Almost half of status First Nations children live in poverty—by far the highest rate of child poverty of any other group examined, says a new report published by Upstream Institute.
Towards Justice: Tackling Indigenous Child Poverty in Canada—released in partnership with the Assembly of First Nations (AFN) and the Canadian Centre for Policy Alternatives (CCPA)—tracks child poverty rates using Census 2006, the 2011 National Household Survey and Census 2016.
“Child poverty rates on First Nations reserves are deplorably high for a country as rich as Canada,” says co-author David Macdonald, senior economist with the CCPA. “What’s worse is that is that these rates haven’t shown any improvement since 2005.”
Among the key findings:
- Tier One poverty: 53% of status First Nations children living on reserve and 41% of status First Nations children living off reserve live in poverty—reflecting the deepest level of poverty—much higher than the national average child poverty rate (18%);
- Tier Two poverty: Recent immigrant children (35%), non-status First Nations children (32%), Inuit children (25%), and Métis and racialized children (22% each) experience the second highest level of poverty;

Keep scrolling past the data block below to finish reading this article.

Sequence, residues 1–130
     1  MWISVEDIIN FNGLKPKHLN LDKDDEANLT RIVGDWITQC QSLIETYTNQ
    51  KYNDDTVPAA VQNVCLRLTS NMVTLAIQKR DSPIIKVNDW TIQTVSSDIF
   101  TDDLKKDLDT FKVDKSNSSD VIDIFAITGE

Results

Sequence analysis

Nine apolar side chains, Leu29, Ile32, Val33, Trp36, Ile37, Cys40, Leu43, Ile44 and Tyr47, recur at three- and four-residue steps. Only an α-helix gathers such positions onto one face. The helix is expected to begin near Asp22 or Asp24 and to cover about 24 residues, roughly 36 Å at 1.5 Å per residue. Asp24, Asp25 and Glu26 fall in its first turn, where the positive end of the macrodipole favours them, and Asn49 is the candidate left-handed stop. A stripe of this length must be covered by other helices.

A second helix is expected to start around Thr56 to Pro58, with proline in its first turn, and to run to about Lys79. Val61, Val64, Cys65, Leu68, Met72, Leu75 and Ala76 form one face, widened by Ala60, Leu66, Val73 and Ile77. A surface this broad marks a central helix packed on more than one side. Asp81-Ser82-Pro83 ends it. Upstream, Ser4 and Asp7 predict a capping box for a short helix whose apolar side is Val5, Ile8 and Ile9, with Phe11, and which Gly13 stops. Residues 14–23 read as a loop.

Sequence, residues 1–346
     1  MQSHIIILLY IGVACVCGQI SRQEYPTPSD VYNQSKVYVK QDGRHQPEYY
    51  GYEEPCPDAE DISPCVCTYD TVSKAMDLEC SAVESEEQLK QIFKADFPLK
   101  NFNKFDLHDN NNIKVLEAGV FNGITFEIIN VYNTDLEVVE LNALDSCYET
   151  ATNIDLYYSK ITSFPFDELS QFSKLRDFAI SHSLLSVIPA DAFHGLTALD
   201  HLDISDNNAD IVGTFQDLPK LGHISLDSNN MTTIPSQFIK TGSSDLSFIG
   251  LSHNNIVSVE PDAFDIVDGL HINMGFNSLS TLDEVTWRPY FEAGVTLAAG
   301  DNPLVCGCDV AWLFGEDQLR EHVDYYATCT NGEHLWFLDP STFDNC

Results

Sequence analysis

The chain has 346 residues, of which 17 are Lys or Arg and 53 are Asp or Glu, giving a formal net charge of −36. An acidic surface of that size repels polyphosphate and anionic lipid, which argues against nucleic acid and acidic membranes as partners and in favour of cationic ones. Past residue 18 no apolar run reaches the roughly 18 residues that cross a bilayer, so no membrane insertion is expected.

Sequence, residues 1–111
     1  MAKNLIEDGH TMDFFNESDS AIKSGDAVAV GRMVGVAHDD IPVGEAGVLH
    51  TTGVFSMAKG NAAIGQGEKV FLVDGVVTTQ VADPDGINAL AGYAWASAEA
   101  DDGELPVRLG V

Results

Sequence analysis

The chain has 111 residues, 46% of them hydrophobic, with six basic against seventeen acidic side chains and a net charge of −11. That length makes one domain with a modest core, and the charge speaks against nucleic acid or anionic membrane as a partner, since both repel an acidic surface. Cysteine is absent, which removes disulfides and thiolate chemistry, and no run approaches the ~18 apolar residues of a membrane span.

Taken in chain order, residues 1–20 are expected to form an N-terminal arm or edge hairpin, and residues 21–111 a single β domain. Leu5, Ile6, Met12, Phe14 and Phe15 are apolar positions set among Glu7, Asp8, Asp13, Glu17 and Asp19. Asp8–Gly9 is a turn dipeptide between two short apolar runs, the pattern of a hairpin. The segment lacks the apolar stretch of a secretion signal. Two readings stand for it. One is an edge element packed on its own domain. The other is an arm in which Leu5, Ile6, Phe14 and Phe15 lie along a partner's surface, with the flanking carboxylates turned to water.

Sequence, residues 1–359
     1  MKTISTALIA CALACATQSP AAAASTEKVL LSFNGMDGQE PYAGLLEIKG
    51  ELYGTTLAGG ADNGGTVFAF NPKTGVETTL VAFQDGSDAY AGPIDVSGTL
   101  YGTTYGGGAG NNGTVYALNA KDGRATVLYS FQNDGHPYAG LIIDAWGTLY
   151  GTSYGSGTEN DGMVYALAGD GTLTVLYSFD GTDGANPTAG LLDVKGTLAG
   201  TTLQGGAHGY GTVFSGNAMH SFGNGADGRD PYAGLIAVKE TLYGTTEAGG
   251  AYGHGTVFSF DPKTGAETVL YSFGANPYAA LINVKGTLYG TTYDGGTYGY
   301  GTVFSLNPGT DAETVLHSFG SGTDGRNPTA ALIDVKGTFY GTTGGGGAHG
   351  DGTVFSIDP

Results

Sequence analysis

- Tier Three poverty: Children who are non-Indigenous, non-racialized, and non-recent immigrant have the lowest rate of child poverty in Canada, at 12%;
- Comparing regions: For Status First Nations children living on reserve in Saskatchewan and Manitoba, 65% live in poverty. In contrast, 29% of Status First Nations children living on reserve in Quebec live in poverty, driven by a lower rate among the James Bay Cree (Eeyou Itschee) of Northern Quebec.
“The evidence is clear: poverty rates among Indigenous children are far higher than non-Indigenous children,” says Upstream Executive Director Trish Hennessy. “Income and Indigenous status are well-known social determinants of health—the impact of child poverty can affect their life chances. A Health in All Policies approach is one part of the solution.”